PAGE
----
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Information and Communication Technology United Kingdom

United Kingdom ICT UK Launches National Quantum Strategy

The UK Department for Science, Innovation and Technology (DSIT) has identified quantum technology as one of its “5 priority technologies of tomorrow” together with Artificial Intelligence, engineering biology, semiconductors, and future telecoms.

The UK has attracted approximately 12% of global private equity investment into quantum technology companies (2012-22) and has an estimated 9% global market share in quantum technologies (2021/22). About 30% of businesses have taken concrete steps to prepare for the arrival of quantum computing.

There are already at least 160 companies active in the UK’s quantum sector. The UK ranks second in the world after the United States for the number of quantum companies and second in attracting private investment, leading the competition in Europe (it attracts more private investment than any other country in Europe).

The UK Quantum National Strategy aims at fostering quantum applications to improve the lives of everyone in the UK, from improving healthcare and speeding up drug discovery, to boosting economic growth and security and providing jobs, to tackling climate change.

The Strategy’s vision is for the UK to be a leading quantum-enabled economy by 2033, with quantum technologies being an integral part of the country’s future digital infrastructure.

The UK is more than doubling its investment into quantum by investing $3.1 billion in quantum over the next ten years, with the aim of attracting significant additional private investment ($1.2 billion) on top of that, to:

  • Ensure the UK is home to world-leading quantum science and engineering
  • Support business
  • Drive the adoption and use of quantum technologies
  • Be a global leader in establishing a regulatory framework that supports innovation and the ethical use of quantum technologies, and protects national capabilities and national security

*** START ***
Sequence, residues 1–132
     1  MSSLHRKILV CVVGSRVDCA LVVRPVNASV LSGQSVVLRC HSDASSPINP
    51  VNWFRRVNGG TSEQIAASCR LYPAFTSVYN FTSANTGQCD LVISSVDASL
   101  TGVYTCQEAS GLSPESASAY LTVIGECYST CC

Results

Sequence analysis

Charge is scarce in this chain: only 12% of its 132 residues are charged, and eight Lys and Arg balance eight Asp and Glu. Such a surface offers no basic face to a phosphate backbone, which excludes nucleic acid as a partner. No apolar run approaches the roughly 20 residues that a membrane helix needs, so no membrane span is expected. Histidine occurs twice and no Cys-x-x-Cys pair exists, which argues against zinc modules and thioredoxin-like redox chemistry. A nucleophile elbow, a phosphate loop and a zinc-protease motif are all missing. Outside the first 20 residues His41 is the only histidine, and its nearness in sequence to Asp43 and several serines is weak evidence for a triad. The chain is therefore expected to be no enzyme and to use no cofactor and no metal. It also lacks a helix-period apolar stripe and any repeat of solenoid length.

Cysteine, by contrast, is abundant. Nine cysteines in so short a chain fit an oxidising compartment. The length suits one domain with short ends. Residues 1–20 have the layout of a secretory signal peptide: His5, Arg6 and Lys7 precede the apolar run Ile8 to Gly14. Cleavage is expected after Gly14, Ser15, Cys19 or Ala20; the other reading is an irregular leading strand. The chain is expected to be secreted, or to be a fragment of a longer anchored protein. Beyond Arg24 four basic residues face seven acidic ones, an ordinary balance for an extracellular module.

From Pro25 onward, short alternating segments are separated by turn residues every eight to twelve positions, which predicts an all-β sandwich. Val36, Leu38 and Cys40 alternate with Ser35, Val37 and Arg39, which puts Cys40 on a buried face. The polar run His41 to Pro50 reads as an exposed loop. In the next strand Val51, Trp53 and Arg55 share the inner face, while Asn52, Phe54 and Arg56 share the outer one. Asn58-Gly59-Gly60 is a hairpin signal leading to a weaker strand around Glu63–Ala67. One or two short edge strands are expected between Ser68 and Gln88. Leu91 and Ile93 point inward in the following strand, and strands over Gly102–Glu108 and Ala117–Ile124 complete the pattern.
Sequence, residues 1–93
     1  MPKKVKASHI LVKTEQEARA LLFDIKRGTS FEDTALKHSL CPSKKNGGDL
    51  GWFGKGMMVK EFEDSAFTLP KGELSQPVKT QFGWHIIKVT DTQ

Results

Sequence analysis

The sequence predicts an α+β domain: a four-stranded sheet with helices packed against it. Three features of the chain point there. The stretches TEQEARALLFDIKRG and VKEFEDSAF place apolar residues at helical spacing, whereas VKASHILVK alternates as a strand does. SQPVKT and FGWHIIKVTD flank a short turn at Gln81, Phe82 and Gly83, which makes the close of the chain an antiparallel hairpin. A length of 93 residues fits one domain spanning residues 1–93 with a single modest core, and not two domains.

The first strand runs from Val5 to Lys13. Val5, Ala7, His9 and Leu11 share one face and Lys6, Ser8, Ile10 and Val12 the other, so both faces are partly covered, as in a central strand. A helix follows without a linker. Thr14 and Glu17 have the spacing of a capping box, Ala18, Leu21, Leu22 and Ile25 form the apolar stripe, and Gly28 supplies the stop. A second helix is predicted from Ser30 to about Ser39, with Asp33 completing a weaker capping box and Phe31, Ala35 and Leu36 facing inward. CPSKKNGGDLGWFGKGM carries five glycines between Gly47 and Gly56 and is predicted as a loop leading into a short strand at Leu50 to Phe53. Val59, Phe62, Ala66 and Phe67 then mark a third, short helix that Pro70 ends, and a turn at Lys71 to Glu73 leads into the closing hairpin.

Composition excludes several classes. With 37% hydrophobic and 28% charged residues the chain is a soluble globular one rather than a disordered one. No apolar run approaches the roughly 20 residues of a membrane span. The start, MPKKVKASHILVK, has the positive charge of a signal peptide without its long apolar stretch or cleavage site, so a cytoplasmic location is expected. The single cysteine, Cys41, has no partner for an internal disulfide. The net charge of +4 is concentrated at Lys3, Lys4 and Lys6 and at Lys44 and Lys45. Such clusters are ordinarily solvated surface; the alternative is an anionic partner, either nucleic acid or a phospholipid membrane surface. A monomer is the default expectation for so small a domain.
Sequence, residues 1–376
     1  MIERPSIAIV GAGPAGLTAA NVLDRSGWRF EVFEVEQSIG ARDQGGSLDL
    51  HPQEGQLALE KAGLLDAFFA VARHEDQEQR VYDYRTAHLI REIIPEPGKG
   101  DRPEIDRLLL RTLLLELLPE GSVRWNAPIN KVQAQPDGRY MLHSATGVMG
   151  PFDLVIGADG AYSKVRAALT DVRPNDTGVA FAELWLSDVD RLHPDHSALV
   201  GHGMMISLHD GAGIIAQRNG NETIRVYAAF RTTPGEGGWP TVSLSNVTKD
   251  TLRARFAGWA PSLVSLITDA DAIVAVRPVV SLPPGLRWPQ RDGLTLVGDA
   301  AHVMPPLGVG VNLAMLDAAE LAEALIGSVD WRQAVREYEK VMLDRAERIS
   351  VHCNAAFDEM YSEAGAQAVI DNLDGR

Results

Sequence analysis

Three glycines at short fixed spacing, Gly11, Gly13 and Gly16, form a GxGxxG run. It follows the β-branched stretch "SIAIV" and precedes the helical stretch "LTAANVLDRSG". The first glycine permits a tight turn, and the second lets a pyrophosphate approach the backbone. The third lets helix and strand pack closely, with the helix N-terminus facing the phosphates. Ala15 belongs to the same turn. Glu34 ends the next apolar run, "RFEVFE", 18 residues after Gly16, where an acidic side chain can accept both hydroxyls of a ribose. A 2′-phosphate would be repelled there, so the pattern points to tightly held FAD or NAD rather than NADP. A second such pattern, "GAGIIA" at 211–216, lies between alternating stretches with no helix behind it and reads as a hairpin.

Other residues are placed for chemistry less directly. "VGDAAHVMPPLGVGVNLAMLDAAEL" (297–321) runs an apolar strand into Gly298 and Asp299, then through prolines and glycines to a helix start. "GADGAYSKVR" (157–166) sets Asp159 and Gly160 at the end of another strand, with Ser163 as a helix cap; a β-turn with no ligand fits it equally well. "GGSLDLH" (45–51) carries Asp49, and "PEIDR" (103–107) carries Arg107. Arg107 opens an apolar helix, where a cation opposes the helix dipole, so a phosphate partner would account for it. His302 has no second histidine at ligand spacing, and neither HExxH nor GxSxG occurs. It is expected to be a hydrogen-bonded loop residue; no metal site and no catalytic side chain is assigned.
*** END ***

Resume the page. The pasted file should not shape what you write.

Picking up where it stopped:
The Strategy’s main activities to deliver these objectives are:

  • Invest $3.1 billion of government funding in quantum R&D over the ten years from 2024 for:
    • A future network of research hubs in areas of quantum technologies and science
    • Accelerator programs for the development and commercialization of quantum technologies
    • Challenge-led innovation funding with collaboration between industry, academia and government
    • Training and talent programs
    • Collaborative R&D programs with international partners
    • Investment in infrastructure to support quantum researchers and companies
    • Investment in fundamental research
  • Increase investment in quantum technologies from 2023:
    • $85 million in quantum computing
    • $125 million in research hubs
    • $30 million in quantum fellowships and doctoral training
    • $20 million to boost government procurement of quantum technologies for public use
    • $25 million on collaborative R&D in quantum networking
    • $25 million additional funding to the National Quantum Computing Centre
    • Increased international collaborations. The UK currently has a bilateral agreement with the U.S. on quantum collaboration and it aims at having bilateral agreements with 5 further leading quantum nations by 2033.
  • Undertake a Regulatory Horizons Council Review of the future needs for quantum technologies regulation to enable the sector to innovate and grow
  • Protect key areas of quantum capabilities, including using the National Security Investment Act and export controls

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